Hello new music lovers. Welcome to NEXT. We have a simple goal: Find you a NEXT, new favorite song. #NextFavoriteSong
Let us begin NEXT week 752 with Kurt Vile and John Prine. A damn fine way to start a show. With a damn fine duet. Kurt Vile’s Speed, Sound, Lonely KV (ep) was recorded and mixed in sporadic sessions that spanned four years at The Butcher Shoppe studio in Nashville, TN. It includes five songs — covers of John Prine and “Cowboy” Jack Clement as well as two originals — and was recorded alongside a cast of local heavies like Bobby Wood, Dave Roe, and Kenny Malone with Dan Auerbach (The Black Keys) and Matt Sweeney (Chavez, Superwolf) tossed into the mix as well. Most importantly, it features what KV has called “Probably the single most special musical moment in my life” – a duet with the late John Prine on the songwriter’s well-loved tune, “How Lucky.” “The truth is John was my hero for a long time when he came into The Butcher Shoppe to recut one of his deepest classics with me. And, man, I was floating and flying and I couldn’t hear anything he told me while he was there till after he was gone for the night,” notes Vile in a personal statement that accompanies the record. “A couple nights later we were playing ‘How Lucky’ together again; this time onstage at the Grand Ole Opry on New Year’s Eve at the turn of 2020. Nothing like seeing John and his band of musical brothers and family and friends playing into the new decade in front of an adoring audience on that stage in Nashville, TN… and, yup, that’s just how lucky we all got that night.”
Low Cut Connie add a jittery “Help Me”. It’s a plea for understanding at a time when compassion is running in short supply. “That’s me shooting straight from the hip,” says Weiner. “I just sorta opened up my brain for a quick second and spit this out. Listening back later, it feels very real.” Like much of the album, it’s an ode to the odd and the eccentric, to the alienated and the broken, and a daily search for liberation. The swaggering title track, which Rolling Stone called an “upbeat piano-rocker” and NPR Music’s Ann Powers called “The freak anthem we need right now.” The teaser from power-pop trailblazers The Posies, introducing their catchy new single “Sideways,” reads as follows: “Does it seem like the world is going sideways lately? We know exactly how you feel.” “Sideways” is the first song released by the band in four years, and its pop freshness and dose of optimism feel like a tonic for these troubled times. To add yet another reason to be optimistic, The Posies teased that a new album is forthcoming in 2021. When released it will be the band’s ninth studio album to date and the follow-up to 2016’s Solid States. Along with the single release, the Posies also launched an official video for “Sideways” — in itself a rarity for this band. The song was written by Jon Auer, and the video was directed by Frankie Siragusa.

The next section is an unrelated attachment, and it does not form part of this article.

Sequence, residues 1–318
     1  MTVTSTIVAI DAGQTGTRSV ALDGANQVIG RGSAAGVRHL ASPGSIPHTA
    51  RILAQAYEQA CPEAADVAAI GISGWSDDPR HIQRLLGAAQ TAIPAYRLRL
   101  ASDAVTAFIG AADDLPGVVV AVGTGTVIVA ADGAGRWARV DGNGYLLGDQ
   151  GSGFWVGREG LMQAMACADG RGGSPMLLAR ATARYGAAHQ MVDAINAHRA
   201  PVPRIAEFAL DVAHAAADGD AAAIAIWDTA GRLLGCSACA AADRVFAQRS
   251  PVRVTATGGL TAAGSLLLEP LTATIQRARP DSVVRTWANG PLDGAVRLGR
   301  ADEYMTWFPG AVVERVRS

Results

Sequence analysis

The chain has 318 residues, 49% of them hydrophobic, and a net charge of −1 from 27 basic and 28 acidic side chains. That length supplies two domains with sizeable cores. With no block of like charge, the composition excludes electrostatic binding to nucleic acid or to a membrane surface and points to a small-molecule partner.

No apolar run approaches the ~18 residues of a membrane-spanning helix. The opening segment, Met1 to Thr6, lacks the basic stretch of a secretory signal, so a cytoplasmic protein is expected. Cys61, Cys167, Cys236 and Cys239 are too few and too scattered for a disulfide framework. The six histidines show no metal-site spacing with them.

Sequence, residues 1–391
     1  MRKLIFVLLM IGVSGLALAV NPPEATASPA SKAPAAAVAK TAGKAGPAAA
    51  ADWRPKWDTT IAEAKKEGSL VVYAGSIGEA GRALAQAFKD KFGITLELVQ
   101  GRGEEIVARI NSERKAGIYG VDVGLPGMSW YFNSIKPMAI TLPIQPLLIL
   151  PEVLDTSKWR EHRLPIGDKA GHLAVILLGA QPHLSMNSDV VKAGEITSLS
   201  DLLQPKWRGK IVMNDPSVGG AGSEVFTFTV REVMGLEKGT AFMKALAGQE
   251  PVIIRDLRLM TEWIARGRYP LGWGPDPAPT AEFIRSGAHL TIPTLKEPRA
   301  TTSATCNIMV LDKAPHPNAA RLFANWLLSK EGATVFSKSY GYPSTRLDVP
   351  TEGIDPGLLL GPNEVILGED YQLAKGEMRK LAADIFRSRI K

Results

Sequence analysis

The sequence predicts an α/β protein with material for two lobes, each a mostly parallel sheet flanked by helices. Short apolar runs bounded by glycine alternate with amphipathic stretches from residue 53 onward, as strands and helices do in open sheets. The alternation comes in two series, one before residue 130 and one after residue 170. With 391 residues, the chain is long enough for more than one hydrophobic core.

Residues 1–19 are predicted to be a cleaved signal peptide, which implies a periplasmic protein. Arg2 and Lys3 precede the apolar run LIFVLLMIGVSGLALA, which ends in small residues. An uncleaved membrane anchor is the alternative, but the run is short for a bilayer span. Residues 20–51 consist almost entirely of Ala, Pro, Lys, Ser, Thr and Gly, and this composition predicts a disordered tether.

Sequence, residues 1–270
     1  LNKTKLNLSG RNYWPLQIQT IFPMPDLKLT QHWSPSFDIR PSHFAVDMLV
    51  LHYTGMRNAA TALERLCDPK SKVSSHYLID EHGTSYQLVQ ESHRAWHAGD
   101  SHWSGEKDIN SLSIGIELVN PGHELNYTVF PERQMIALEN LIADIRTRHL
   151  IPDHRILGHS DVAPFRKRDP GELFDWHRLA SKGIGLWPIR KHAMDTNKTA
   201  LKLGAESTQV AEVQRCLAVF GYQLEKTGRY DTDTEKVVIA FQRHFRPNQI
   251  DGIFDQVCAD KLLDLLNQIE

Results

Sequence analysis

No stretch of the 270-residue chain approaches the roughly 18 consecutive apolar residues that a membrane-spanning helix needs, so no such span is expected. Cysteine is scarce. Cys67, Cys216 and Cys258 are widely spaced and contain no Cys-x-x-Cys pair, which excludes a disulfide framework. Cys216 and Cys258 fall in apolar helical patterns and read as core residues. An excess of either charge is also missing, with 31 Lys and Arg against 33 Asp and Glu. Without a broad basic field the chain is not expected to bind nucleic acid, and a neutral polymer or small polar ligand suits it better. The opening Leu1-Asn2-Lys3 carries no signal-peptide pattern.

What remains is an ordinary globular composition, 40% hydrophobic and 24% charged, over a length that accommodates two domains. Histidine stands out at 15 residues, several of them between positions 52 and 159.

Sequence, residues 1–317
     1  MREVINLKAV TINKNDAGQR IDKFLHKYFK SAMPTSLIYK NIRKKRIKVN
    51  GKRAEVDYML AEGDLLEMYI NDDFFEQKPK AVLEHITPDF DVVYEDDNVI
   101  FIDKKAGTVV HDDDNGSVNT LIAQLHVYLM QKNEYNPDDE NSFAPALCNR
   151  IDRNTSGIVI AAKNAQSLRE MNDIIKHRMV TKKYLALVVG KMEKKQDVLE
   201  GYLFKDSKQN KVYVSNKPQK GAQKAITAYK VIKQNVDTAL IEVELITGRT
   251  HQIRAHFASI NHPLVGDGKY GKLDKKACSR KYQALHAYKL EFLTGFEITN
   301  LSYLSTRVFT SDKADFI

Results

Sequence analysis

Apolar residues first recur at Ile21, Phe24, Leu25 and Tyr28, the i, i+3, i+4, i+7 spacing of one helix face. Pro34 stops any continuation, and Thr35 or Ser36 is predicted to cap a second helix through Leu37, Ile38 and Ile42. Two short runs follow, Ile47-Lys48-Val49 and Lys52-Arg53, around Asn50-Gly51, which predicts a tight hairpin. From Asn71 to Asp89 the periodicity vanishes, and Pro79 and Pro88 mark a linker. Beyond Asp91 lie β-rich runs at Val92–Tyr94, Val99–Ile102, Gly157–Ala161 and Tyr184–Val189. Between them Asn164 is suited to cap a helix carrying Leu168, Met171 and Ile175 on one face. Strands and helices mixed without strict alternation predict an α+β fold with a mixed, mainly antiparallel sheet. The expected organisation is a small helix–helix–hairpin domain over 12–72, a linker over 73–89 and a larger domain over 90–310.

IDLES – A Hymn Ultra Mono pummelling riffs and desolate beauty. The Bristol punks return with more precision-tooled muscularity and a hint that they won’t be hidebound by genre. Everything Everything: “It’s like all these biblical plagues conflating at the same time, with us right in the middle”. After battling flash floods, a devastating fire, oh, and a global pandemic, the Manchester group’s new album finds them relinquishing songs pontificating of the wider world and burrowing deep in their own minds
The Rolling Stones (Live). Their first tour hitting the US since 1981, Steel Wheels was famously one of their longest, and most ambitious, setlists. 2 ½ hours deep, The Rolling Stones not only played their hits, but dared to roll out several new songs from the then-newly released Steel Wheels album. A highlight of this tour stop was the band being joined by special guests: Guns N’ Roses’ Axl Rose and Izzy Stradlin accompany the Stones for the first-ever live performance of “Salt Of The Earth”, from their 1968 Beggars Banquet album. Eric Clapton brings his slow blues burn to “Little Red Rooster”, and joins the Stones in backing up one of their idols, blues legend John Lee Hooker, on “Boogie Chillen”.